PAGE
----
1 in 7 Americans has bought drugs online

This image was removed due to legal reasons.

We know more Americans than ever are shopping online. That apparently includes drug users.

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According to the Global Drug Survey, an annual report put together by a team led by Dr. Adam R. Winstock of King's College London, one in 7 Americans has bought drugs off the Internet. That includes illegal drugs, as well as legal "cognitive enhancement" drugs like ritalin.

Only the U.K., Denmark, and France had higher rates. Winstock told Fusion in an email that purchases are "mostly illicit in most countries."

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This image was removed due to legal reasons.

One in 12 Americans visited an online "dark net" marketplace to buy illicit drugs in the past year, Winstock found. That was good enough for sixth-most among all countries surveyed.

This image was removed due to legal reasons.

The survey results suggest a strong correlation between countries where drug possession is illegal and rates of online drug purchases (Winstock does note some of these countries also received fewer responses on average which may have skewed their results).

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"The fact that the biggest shoppers were from Scandinavia (where GDS did not have media partners so numbers were small) tells you something about how zero-tolerance drug policies can drive people who like drugs to other sources," Winstock writes.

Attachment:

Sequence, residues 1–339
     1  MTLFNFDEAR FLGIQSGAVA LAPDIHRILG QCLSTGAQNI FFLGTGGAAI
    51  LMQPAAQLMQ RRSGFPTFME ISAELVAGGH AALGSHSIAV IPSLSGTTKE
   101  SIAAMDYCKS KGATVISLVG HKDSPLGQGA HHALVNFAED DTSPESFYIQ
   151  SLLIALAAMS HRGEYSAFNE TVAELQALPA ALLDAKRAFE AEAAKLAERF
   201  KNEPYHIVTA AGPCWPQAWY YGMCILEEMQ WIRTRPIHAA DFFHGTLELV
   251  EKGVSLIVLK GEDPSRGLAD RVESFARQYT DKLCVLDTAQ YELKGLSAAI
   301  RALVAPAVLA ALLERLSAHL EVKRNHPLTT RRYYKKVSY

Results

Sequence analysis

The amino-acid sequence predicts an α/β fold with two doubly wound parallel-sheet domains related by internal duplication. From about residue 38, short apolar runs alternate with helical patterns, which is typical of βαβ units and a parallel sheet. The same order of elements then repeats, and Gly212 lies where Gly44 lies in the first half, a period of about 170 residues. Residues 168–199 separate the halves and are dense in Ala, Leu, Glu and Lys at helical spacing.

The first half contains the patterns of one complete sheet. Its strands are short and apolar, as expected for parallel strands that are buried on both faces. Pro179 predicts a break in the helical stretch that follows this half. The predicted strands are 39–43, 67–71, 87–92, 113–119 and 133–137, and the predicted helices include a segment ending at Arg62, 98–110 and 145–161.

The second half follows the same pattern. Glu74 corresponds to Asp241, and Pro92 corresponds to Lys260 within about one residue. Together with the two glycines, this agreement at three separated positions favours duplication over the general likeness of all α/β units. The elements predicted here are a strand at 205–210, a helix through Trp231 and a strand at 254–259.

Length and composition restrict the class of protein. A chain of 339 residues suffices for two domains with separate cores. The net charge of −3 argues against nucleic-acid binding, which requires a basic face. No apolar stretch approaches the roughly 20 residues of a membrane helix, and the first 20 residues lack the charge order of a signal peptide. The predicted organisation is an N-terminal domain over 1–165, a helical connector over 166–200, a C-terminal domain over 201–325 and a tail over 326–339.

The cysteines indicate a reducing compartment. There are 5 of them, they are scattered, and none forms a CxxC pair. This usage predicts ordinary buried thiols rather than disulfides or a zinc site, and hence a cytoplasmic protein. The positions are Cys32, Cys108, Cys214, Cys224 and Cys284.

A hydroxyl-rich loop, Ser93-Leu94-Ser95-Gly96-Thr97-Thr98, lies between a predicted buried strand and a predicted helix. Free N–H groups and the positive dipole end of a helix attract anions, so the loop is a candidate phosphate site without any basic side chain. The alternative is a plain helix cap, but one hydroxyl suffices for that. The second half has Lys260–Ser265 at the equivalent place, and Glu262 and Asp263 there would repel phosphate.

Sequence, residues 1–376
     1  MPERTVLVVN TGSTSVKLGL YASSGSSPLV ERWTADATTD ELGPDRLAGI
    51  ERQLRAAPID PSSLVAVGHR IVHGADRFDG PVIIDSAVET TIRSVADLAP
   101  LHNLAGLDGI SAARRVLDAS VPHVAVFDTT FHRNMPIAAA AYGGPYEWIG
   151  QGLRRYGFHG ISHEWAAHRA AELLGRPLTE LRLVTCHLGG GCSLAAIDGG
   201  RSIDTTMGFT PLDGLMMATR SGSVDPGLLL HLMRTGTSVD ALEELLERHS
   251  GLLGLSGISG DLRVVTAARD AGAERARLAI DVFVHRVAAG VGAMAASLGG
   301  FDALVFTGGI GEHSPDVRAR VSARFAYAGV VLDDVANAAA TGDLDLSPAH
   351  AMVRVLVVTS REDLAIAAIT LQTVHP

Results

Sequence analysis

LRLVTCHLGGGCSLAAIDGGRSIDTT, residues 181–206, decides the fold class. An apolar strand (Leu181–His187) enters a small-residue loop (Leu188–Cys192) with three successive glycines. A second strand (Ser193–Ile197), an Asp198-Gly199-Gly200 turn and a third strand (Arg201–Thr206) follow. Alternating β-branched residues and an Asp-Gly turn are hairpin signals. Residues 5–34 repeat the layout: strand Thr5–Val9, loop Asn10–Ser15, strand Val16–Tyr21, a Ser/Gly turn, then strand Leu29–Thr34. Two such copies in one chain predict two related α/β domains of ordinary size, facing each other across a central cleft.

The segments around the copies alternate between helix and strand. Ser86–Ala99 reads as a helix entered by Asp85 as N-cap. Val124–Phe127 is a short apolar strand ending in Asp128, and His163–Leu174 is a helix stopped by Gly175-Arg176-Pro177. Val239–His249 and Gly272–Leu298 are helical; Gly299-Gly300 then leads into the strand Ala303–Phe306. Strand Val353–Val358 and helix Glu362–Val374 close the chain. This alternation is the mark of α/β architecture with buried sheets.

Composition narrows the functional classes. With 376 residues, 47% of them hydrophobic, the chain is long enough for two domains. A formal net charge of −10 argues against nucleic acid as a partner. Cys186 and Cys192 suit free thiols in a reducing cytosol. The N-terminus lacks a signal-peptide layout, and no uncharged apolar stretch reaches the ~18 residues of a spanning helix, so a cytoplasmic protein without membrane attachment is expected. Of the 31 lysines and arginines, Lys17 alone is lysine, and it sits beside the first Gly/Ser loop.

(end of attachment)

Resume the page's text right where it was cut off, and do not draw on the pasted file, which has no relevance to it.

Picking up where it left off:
As Fusion's Danny Rivero reported, the survey is somewhat imperfect, since it surveyed a racially homogenous group of people. Winstock did not respond to requests for additional data.

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The survey showed that buyers from dark net sites said they were motivated by reduced rates of exposure to violence, less adulterated drugs, more confidence in product quality, and removal from street dealing.

Worldwide, the most commonly purchased drugs were MDMA, LSD, and cannabis. The survey also found that access to the wide array of drugs available online led to increased experimentation with different classes of drugs.

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Rob covers business, economics and the environment for Fusion. He previously worked at Business Insider. He grew up in Chicago.

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